Study Title:

Green Tea Reduces Obesity-Associated Inflammation

Study Abstract

Obesity predisposes to an increased incidence of diabetes and CVD. Also, obesity is a pro-inflammatory state. Regulatory T cells (Tregs) are essential negative regulators of inflammation and are down-regulated in pro-inflammatory states. Animal models of obesity are associated with decreased Tregs. The dietary modulation of Tregs could be used as a therapeutic strategy to control inflammation. Epigallocatechin gallate (EGCG) is a potent anti-inflammatory agent and an active ingredient of green tea and is suggested to have a role as a preventive agent in obesity, diabetes and CVD. The role of EGCG in the modulation of Tregs has, however, not been studied. Thus, the aim of the present study was to determine the effect of EGCG on the number and function of Tregs in obese and lean human subjects in vitro, and to delineate its specific regulation mechanisms. Tregs were isolated from normal-weight and obese subjects. Tregs were cultured in the absence or presence of EGCG (20 mum) for 24 h. Foxp3-expressing Tregs were enumerated using flow cytometry. Histone deacetylase (HDAC) activity and nuclear NF-kappaBp65 level were measured by ELISA and Western blots. Obese subjects had lower Tregs and IL-10 production than lean subjects. EGCG treatment significantly enhanced the number of Foxp3-expressing Tregs and IL-10 production in vitro (P < 0.05) in both groups. Also, EGCG decreased NF-kappaB activity and increased HDAC activity and HDAC-2 expression in Tregs (P < 0.05) in both groups. Thus, in part, EGCG enhances the functionality of Tregs, i.e. IL-10 production and number by suppressing the NF-kappaB signalling pathway via inducing epigenetic changes.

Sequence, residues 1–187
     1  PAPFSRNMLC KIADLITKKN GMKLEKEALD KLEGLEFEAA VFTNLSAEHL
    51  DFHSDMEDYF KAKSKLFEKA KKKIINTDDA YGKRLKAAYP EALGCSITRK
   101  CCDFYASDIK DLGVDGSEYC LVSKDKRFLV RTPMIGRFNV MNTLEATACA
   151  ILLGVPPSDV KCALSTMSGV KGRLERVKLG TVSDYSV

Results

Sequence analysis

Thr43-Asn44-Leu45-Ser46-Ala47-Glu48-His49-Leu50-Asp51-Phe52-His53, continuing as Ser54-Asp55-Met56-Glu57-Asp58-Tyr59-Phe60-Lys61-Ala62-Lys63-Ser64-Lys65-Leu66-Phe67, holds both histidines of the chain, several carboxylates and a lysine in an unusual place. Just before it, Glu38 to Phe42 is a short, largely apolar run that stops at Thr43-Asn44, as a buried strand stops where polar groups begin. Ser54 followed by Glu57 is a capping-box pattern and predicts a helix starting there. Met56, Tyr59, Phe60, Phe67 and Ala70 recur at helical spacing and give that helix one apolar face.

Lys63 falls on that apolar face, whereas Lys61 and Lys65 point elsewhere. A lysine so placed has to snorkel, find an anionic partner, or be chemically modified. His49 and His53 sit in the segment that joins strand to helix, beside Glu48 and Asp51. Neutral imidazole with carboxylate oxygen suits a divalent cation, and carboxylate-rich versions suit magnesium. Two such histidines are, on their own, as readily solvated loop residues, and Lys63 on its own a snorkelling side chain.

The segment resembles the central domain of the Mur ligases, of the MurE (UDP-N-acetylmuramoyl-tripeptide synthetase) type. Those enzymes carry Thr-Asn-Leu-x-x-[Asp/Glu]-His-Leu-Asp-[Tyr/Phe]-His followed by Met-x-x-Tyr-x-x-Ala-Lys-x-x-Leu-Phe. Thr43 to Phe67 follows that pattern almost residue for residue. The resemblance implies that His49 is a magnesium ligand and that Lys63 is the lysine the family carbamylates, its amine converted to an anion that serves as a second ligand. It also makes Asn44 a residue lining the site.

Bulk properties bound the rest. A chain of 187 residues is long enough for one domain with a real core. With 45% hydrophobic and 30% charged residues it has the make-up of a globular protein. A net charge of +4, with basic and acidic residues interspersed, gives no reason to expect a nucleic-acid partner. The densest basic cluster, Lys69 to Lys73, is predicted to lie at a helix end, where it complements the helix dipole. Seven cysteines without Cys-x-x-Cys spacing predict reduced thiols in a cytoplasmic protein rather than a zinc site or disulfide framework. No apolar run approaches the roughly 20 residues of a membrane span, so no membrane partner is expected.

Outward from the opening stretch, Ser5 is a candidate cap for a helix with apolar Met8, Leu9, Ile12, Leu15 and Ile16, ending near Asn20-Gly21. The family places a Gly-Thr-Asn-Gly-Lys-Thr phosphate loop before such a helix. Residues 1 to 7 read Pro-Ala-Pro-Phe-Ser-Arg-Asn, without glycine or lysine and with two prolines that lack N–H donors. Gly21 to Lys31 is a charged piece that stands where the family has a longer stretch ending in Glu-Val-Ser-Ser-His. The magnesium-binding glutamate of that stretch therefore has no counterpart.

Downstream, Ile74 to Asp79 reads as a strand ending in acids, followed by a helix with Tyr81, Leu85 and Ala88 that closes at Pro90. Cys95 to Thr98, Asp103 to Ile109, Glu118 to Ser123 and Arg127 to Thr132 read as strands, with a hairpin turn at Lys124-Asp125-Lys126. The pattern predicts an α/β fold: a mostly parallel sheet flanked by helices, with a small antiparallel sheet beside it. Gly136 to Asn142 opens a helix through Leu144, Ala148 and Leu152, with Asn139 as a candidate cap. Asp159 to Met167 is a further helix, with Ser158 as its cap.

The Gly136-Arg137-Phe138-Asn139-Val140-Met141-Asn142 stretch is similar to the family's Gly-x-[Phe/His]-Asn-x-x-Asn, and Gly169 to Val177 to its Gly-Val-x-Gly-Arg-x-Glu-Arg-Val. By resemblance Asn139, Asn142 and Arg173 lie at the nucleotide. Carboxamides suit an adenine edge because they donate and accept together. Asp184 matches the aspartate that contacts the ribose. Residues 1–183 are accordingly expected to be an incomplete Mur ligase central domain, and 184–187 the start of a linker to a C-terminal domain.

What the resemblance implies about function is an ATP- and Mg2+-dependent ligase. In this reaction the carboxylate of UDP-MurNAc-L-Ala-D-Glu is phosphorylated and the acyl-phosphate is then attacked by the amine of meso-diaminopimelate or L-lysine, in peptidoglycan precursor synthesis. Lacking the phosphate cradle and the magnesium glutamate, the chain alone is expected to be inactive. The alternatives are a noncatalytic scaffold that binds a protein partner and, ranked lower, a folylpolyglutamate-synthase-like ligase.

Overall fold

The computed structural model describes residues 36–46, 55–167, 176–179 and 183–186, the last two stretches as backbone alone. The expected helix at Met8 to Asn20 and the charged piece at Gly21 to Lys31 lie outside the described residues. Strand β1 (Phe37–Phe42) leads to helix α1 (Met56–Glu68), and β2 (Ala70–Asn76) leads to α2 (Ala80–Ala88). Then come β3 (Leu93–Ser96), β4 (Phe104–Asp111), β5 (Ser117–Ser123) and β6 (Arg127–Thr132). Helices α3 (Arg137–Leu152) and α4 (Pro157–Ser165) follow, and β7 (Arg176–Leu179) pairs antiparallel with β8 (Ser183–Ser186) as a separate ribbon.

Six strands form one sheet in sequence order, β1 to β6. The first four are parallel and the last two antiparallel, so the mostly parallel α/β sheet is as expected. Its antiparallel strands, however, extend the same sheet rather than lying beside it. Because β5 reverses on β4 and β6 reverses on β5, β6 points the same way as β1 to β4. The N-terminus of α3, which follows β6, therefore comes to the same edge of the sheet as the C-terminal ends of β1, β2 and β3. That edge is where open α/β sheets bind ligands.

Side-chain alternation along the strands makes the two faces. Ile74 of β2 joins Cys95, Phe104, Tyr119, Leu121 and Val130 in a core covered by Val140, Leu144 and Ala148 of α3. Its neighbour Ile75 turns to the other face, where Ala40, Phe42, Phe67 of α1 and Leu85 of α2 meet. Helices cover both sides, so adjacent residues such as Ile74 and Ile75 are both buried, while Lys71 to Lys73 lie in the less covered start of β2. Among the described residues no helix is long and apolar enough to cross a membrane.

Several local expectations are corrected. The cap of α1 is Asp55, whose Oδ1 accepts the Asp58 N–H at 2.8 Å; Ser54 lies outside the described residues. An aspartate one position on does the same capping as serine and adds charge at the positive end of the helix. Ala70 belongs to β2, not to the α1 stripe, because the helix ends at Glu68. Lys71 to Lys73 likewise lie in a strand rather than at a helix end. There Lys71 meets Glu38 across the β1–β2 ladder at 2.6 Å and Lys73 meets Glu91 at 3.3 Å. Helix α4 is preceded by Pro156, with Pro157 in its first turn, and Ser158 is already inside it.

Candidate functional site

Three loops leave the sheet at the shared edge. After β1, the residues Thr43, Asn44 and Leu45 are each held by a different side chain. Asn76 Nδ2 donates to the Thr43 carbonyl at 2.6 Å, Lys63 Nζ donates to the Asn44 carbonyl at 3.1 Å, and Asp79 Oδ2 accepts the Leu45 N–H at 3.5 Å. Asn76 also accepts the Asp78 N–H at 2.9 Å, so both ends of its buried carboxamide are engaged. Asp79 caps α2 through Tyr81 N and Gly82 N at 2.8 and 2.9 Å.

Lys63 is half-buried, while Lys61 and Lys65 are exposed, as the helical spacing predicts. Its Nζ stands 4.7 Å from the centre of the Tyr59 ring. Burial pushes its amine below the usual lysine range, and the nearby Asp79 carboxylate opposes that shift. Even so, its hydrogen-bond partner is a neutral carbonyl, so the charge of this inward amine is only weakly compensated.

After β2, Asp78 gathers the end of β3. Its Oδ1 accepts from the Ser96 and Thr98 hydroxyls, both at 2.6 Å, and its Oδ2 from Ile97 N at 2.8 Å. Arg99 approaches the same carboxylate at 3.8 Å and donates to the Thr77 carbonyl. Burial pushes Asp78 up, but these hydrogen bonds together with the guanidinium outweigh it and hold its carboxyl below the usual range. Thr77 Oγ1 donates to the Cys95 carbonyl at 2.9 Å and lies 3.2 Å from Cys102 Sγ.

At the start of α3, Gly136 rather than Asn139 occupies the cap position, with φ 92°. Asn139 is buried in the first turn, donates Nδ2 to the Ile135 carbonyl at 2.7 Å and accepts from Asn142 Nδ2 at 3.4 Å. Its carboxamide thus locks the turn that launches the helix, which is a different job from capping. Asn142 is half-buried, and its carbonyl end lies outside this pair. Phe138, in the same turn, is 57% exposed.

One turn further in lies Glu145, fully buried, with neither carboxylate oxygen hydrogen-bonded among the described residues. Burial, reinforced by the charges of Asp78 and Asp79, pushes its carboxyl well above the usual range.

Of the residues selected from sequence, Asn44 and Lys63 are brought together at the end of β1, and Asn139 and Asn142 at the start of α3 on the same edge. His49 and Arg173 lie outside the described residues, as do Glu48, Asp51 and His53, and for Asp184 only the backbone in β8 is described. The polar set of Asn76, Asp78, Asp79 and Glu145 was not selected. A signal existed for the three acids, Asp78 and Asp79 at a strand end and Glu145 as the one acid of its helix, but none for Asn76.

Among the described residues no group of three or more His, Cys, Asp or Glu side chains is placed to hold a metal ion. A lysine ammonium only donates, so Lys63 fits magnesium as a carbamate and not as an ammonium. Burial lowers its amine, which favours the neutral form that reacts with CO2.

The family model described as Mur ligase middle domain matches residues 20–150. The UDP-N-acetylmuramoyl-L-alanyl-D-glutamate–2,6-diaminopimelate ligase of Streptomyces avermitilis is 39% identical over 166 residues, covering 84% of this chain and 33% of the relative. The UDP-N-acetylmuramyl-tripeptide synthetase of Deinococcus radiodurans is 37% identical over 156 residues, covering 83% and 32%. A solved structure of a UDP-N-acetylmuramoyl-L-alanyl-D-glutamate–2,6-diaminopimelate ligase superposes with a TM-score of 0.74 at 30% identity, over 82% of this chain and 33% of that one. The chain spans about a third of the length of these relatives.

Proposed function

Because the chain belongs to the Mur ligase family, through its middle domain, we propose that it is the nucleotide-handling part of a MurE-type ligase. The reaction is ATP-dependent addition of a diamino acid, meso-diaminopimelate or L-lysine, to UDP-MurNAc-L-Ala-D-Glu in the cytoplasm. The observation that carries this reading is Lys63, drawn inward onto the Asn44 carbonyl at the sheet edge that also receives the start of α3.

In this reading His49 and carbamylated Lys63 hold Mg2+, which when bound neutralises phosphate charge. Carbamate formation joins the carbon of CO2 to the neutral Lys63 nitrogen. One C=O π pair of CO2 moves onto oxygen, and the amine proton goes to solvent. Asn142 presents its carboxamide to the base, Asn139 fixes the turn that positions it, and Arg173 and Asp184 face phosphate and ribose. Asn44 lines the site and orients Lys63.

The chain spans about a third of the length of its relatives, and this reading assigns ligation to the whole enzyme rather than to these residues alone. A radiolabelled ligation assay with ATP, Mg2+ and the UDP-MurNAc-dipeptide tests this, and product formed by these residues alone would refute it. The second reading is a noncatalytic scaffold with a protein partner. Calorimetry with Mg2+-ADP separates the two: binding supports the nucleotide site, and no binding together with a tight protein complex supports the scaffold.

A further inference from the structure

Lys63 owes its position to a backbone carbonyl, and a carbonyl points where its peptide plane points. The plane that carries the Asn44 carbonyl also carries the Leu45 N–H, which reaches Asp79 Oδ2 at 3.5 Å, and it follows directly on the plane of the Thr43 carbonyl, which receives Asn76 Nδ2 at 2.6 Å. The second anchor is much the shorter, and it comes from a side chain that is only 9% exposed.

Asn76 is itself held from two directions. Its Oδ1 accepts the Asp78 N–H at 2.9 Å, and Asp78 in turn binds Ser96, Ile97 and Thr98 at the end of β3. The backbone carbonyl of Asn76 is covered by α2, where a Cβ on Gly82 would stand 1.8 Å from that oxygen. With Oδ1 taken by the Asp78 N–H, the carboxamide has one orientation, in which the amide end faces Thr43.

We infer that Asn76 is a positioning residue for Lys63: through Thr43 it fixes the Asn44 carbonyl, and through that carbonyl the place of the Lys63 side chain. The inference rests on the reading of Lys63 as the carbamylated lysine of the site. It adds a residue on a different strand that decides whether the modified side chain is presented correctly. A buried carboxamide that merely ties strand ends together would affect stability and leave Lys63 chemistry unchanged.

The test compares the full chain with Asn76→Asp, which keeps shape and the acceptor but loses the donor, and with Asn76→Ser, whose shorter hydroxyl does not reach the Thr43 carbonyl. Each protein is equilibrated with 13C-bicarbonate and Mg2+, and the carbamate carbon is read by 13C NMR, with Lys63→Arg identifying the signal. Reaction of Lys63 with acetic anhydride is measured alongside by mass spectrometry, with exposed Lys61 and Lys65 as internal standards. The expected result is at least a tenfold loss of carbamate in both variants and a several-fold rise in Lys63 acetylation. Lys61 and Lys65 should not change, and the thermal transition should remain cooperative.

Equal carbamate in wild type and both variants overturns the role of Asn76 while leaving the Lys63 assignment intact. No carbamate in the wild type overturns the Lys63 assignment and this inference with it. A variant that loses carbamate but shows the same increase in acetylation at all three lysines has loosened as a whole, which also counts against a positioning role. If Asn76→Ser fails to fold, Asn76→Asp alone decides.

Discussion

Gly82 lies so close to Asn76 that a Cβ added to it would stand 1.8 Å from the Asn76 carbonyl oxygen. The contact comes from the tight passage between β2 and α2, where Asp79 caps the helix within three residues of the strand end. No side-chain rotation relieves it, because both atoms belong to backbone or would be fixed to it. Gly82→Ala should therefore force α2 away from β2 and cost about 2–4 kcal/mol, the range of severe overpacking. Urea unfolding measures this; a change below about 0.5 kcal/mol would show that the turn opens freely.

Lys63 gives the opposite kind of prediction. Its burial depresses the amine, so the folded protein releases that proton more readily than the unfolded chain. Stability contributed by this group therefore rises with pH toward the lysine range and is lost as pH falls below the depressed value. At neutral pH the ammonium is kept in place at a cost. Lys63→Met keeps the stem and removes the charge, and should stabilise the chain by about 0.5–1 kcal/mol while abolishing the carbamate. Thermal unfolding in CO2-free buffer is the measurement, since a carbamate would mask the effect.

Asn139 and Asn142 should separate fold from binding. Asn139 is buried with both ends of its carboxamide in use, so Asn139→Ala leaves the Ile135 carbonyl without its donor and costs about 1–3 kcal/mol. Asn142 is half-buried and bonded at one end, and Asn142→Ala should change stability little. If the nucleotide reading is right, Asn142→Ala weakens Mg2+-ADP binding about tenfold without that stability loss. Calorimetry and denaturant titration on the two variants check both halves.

Study Information

Yun JM, Jialal I, Devaraj S.
Effects of epigallocatechin gallate on regulatory T cell number and function in obese v. lean volunteers.
Br J Nutr.
2010 February
Department of Pathology and Laboratory Medicine, University of California, Davis, Medical Center, Sacramento, CA, USA.

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